Back in the 1920s, Gabrielle ‘Coco’ Chanel felt it was time to create a ‘woman’s perfume with a woman’s scent’: a perfume that truly epitomised the liberated, free-spirited ‘flapper’ of the day. Her answer was Chanel No. 5 - a sparkling, almost champagne-like scent composed by her master fragrancer Ernest Beaux, which was chosen out of 25 numbered samples simply because the number five had always brought luck to Chanel.
Nearly 100 years on, there’s no denying that No. 5 has become one of the most iconic fragrances of all time, no doubt helped by Marilyn Monroe’s infamous assertion that she wore the perfume to bed. In this time, the formula for the instantly recognisable scent has barely been altered – why mess with perfection, after all? – but now the Chanel No. 5 we know and love is under threat thanks to proposals for a new railway line.
French rail network SNCF plans to create a £5.5 billion high-speed railway line to cut down travel time from Marseilles to Nice by one hour along the Riviera, which is one of the country’s most congested travel areas outside Paris. The proposed route (complete with railway viaduct) however, would pass through Chanel’s flower field in the Provencal city of Grasse.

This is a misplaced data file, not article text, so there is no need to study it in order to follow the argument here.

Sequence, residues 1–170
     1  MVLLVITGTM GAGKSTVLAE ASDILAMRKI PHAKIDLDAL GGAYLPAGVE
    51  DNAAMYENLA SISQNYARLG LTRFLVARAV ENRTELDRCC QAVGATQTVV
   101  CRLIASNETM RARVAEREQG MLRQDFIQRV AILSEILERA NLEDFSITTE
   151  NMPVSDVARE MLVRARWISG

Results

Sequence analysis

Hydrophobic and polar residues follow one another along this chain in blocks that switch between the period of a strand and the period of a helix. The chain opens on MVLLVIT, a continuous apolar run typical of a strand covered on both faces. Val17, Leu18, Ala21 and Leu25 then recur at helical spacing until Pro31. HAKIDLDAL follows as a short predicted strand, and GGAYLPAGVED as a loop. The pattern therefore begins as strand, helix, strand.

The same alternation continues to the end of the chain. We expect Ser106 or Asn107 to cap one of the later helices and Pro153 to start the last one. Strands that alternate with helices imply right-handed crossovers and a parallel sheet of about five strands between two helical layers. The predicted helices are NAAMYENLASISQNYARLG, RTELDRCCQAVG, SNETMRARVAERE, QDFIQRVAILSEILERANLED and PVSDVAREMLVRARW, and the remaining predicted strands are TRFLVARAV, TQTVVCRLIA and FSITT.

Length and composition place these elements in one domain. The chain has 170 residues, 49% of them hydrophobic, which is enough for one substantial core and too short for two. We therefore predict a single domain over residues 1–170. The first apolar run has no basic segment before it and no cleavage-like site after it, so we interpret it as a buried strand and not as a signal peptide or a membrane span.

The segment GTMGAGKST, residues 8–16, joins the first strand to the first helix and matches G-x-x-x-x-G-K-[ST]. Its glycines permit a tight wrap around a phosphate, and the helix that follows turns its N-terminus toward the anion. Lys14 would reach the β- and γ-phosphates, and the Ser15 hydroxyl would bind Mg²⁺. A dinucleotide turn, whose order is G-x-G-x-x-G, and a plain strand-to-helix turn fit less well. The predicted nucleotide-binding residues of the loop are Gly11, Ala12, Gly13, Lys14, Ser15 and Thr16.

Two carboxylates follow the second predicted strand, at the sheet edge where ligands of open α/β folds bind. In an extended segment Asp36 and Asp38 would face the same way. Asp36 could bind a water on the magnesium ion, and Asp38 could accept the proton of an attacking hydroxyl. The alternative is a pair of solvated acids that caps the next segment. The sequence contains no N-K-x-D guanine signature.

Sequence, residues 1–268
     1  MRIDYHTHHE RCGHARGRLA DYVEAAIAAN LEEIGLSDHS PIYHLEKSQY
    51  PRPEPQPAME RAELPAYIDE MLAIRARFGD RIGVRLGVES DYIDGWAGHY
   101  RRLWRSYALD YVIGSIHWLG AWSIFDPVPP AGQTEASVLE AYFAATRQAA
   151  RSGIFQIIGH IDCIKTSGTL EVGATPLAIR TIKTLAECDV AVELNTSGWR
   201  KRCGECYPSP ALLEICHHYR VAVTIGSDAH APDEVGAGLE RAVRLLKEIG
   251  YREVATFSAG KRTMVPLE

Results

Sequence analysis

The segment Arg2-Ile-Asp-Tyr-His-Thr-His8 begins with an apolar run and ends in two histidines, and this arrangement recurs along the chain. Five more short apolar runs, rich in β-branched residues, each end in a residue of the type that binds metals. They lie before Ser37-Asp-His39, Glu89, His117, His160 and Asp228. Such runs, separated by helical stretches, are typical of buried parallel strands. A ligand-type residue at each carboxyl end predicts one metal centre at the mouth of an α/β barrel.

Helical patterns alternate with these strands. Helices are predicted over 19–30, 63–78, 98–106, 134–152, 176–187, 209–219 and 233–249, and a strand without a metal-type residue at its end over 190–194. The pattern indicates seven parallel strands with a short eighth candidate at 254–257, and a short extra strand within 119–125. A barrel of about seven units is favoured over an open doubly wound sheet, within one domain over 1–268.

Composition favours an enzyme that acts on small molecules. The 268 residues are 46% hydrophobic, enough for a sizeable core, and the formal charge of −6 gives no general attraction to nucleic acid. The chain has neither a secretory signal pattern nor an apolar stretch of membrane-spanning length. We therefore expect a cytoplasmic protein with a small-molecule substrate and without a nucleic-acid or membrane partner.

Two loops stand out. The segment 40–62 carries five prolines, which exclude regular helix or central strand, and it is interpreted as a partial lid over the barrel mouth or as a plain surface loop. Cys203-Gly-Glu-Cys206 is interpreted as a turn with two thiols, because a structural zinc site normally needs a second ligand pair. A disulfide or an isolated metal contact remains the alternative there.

Chanel has described the field as ‘indispensable to the creation of Chanel perfumes,’ as it is home to the May roses and jasmine flowers that give No. 5 its incomparable scent: it is thought that every bottle of the fragrance requires 12 May roses and 1,000 jasmine flowers. In an open letter to the planners, the perfume house asserted that should the move go ahead, they would be compelled to leave the region, arguing that ‘the construction of a viaduct and the regular passage of high-speed trains over these fields of flowers would force Chanel to cease supporting its artisanal activities in the region.’
Should the perfume house be forced to find a new home, it’s likely that our beloved fragrance would smell different, due to variations in the flowers used, or could go out of production all together.
Time to start stockpiling?